The U.S.' crude oil production recovered, while its crude inventories increased, for the week ending Sept. 8, the country's Energy Information Administration (EIA) announced Wednesday.
In the aftermath of Hurricane Harvey, crude output in the U.S. fell by 749,000 barrels per day (bpd) to 8.78 million bpd, for the week ending Sept. 1.
Crude production recovered later and output increased by 572,000 barrels per day to 9.35 million bpd, for the week ending Sept. 8.
"As we expected crude oil production rebounded last week but many refineries remained shut, swelling crude stocks and pulling down gasoline inventories," Thomas Pugh, a commodities economist at London-based Capital Economics, said in a note.
Crude stocks increased for the second week in a row in the country by 5.9 million barrels, or 1.3 percent, to 468.2 million barrels.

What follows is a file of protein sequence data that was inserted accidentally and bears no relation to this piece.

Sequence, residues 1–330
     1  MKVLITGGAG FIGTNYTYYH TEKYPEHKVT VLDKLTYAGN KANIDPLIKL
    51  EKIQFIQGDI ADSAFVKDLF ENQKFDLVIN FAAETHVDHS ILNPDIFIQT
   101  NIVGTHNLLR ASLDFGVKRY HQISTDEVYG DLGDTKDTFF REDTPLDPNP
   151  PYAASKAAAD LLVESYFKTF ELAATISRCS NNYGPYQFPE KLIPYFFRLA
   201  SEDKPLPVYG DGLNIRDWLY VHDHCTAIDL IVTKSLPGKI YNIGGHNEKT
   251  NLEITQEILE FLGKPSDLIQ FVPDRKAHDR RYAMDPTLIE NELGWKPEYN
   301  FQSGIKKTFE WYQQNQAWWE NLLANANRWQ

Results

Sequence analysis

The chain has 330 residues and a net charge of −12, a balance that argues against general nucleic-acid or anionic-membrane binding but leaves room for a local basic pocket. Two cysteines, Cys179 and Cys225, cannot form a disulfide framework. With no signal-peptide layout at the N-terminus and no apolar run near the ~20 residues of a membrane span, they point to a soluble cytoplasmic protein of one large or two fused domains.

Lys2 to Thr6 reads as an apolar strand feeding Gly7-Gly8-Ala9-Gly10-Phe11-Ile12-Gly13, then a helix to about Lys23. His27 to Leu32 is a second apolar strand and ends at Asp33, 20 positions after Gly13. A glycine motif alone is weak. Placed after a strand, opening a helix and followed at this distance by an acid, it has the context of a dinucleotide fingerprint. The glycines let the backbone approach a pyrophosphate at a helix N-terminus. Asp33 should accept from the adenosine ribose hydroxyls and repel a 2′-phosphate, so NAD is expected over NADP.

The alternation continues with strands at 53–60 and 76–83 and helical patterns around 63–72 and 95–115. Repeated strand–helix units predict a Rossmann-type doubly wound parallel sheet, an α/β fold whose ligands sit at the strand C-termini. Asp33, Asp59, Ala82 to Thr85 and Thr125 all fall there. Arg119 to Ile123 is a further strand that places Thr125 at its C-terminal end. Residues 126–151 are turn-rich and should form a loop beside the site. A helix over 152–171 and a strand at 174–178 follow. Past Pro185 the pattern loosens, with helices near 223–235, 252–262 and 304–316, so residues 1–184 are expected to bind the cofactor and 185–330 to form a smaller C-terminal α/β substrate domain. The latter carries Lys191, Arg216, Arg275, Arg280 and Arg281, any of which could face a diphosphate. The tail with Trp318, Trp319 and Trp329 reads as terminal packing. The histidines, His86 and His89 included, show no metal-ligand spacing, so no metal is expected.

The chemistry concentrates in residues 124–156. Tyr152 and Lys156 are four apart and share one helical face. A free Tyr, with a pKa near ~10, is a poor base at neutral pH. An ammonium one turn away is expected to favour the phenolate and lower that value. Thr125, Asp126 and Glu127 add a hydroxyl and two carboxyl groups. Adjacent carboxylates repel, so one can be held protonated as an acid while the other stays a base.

Gasoline inventories, on the other hand, declined by 8.4 million barrels, or 3.7 percent, to 218.3 million barrels.
"The jump in crude stocks was driven by another drop in inputs to refineries as many remained closed because of the storm," Pugh said.
Oil imports decreased 603,000 bpd to 6.48 million barrels, for the week ending Sept. 8, while oil exports recovered and rose from 621,000 bpd to 774,000 bpd.
Shortly after the release of the EIA data, oil prices increased. WTI reached $48.95 a barrel, while Brent crude rose to $54.83 per barrel around 1500 GMT on Wednesday.
"… Demand from refineries should rebound strongly over the next few weeks. Oil production also has further room to recover," Pugh said.
"It will be difficult to get an idea of the underlying supply and demand trends until the impact of Hurricanes Harvey and Irma have worked their way through, which may take several more weeks," he added.
By Ovunc Kutlu in New York
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